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The project team reviewed over 280 research reports, journal articles, and other technical documents on risk and exposure, and in particular, pedestrian and bicyclist risk and exposure. The findings of this review were summarized in Chapters 2 through 5:
This chapter provides overall conclusions based on the findings summarized in the previous chapters.
Chapter 2 noted the importance of geographic scale in estimating exposure. In this report, exposure scale was defined as the most granular geographic level for which an exposure measure is desired. For example, is an exposure measure sought for a selected number of individual street crossings? Is an exposure measure sought for certain roadway segments? Or is an exposure measure sought for a defined areawide geography, such as TAZs, Census tracts, or Census block groups?
The exposure scale will likely influence how the theoretical definition of exposure can be operationalized in a practical way, since exposure data cannot be collected on all pedestrian, bicyclist, and motor vehicle movements at all locations at all times. Therefore, the exposure scale will determine what data source and methods are practical and feasible, and what exposure measures can be readily estimated or calculated from these data sources and methods.
Future methodological development in this project could benefit from the use of clear, unambiguous terms for various scales. The U.S. Census provides standardized terms and definitions for several different areawide geography scales. Similarly, the HCM provides terms and definitions for various scales of roadway system elements. To encourage widespread consistency and adoption by practitioners, existing terms and definitions should be drawn from widely used manuals, guidebooks, or references.
The units used in areawide exposure measures varied widely, despite many analyses using the same two national travel surveys (i.e., ACS and NHTS) as their base data source. Many analyses used the number of pedestrian and/or bicyclist trips. However, some analyses focused on only journey-to-work trips (directly from ACS data), whereas other analyses included total trips (from NHTS data or combining ACS and NHTS data). In other analyses, the pedestrian and bicyclist trips were converted to pedestrian and bicyclist miles of travel using estimated trip length data.
If areawide exposure measures use the same base travel survey data, one might expect an emerging consensus on the best approach for using the same or similar trip data to calculate areawide exposure measures. The number of pedestrian and bicyclist trips was a common exposure measure (see Table 1 in Chapter 3), but even with this measure, some analyses reported only on work trips whereas some reported on all trips. Even if consensus on a single areawide exposure measure cannot be achieved, future methodological development in this project should focus on identifying a few good measures that are designated as a best practice for estimating areawide exposure.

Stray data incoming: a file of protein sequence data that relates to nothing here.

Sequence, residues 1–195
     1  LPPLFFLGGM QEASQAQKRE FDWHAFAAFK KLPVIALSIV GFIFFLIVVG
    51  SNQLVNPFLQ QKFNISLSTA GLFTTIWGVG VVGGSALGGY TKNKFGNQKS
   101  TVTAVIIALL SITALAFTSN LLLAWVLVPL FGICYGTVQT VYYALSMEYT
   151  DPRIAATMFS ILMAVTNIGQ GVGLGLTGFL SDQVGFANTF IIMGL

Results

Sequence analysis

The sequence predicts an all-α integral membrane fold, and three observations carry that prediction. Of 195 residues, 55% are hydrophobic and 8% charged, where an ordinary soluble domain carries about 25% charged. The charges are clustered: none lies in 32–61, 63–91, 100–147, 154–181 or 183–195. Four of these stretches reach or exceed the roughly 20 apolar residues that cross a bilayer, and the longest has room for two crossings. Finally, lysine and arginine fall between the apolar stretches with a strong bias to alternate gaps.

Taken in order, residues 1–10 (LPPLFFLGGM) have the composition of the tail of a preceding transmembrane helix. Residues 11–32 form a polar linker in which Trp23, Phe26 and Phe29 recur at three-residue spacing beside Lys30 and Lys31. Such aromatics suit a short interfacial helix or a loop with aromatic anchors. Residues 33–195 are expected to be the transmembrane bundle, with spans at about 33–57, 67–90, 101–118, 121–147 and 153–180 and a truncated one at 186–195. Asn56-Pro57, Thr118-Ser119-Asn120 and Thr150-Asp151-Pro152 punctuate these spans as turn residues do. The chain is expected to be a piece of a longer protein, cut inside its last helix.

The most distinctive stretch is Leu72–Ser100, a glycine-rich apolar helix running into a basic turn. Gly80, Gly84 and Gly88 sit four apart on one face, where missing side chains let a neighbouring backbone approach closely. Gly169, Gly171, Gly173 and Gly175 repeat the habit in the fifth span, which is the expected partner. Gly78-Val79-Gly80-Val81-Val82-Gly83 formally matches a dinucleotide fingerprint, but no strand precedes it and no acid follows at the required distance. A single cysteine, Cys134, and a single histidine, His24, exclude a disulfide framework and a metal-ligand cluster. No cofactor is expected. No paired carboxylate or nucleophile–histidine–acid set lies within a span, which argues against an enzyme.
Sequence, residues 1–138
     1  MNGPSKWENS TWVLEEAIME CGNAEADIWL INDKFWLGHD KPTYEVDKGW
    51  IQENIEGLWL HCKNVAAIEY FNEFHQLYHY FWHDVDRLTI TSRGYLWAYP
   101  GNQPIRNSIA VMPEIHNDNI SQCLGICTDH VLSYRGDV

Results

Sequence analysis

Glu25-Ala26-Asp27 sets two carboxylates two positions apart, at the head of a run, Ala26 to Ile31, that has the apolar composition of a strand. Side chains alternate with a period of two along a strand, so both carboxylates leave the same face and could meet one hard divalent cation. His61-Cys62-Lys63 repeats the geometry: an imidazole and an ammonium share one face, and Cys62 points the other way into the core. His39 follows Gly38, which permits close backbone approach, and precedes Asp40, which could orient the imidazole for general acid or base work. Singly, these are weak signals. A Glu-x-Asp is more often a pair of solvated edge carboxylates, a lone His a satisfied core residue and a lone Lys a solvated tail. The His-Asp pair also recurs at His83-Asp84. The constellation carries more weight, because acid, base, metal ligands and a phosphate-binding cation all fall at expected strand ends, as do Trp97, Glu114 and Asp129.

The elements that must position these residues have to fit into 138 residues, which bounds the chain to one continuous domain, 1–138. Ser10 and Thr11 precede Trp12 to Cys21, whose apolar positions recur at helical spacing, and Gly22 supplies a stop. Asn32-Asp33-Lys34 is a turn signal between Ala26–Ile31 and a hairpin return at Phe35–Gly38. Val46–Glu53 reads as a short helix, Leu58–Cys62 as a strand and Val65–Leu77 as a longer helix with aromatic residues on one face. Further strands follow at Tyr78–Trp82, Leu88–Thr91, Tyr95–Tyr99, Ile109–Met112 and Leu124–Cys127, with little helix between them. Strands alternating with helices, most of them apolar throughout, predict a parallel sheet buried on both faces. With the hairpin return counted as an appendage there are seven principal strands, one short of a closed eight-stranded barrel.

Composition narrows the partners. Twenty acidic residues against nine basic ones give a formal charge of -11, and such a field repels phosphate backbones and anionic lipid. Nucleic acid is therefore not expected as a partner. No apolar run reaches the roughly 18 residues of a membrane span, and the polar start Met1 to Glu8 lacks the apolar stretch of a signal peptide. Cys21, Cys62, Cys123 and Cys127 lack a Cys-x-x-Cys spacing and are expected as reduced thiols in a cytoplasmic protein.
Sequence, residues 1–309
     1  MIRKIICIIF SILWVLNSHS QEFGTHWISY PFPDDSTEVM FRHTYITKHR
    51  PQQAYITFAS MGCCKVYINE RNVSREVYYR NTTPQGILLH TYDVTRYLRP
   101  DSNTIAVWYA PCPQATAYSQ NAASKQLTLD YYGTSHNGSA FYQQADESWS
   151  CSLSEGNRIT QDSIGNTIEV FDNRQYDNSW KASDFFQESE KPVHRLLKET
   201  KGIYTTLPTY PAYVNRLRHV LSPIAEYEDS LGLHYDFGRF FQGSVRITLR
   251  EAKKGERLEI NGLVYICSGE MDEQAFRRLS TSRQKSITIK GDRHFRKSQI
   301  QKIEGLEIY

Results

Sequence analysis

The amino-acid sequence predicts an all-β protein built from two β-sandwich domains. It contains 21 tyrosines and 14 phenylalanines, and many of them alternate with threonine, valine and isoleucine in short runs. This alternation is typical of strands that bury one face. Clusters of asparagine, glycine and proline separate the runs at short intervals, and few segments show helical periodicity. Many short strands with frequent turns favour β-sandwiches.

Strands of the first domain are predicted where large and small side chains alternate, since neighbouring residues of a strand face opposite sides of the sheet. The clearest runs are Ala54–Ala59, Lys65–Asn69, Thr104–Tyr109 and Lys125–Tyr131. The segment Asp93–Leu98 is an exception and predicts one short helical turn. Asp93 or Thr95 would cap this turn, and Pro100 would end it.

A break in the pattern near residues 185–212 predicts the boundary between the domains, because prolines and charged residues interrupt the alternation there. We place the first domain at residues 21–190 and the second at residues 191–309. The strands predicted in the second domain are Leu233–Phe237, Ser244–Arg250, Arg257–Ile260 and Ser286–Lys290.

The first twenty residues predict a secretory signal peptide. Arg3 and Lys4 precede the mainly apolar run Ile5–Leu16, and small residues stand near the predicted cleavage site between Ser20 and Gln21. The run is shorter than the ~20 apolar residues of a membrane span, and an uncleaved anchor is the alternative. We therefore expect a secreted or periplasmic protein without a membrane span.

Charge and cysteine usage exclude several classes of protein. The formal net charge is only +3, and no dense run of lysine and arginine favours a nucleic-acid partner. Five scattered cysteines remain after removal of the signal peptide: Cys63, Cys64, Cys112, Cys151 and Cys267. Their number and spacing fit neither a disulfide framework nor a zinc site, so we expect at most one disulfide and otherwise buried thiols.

One of the most common approaches to estimate facility-specific exposure has been to combine pedestrian and bicyclist counts with estimation models, such that exposure can be estimated for all facilities within a defined geographic area (typically citywide). Even though many cities are now directly collecting pedestrian and bicyclist count data on an annual basis for multiple purposes, these counts are collected at a very limited number of locations. Therefore, estimation models must be used to estimate counts (and exposure) for all the remaining locations where pedestrians and bicyclists cannot be directly counted.
Direct demand models have been the most widely used models for facility-specific exposure estimation so far, and typically use regression analysis to relate directly measured counts to other measured attributes of the adjacent environment (e.g., land use and form, street type, etc.). Assuming that these measured attributes are available citywide, the regression model allows one to extend the sample of facility-specific counts to all facilities citywide. Aside from direct demand models, there are many estimation models in use, including regional travel demand models, GIS-based accessibility models, network analysis models, and simulation-based traffic models.
Given the wide variety of estimation models in place, it will be difficult to single out a single best practice for future methodological development in this project. This project could focus on providing additional guidance on the most common estimation model, the direct demand model, while still acknowledging and providing high-level details on other estimation model approaches.
Similar to areawide exposure measures, the units used in facility-specific exposure measures varied widely. This is also despite the fact that direct measurement and estimation models both produce the same basic data item: counts of pedestrians and/or bicyclists at a point or along a street segment for a defined time interval. As with areawide exposure measures, it may be difficult to achieve consensus on a single facility-specific exposure measure. However, there would be value in defining a few good measures that are designated as a best practice for estimating facility-specific exposure.
Based on the findings and conclusions in this Task 3 report, the TTI-led project team will develop a conceptual framework and design for risk exposure estimation at several different geographic scales (Task 4.A. of this project). The conceptual framework will be based on best practices as identified in this report, as well as other practices and processes that may be in development (such as those from NCHRP 17-73, Systemic Pedestrian Safety Analyses). The first draft of the conceptual framework will be available for review in May 2017.
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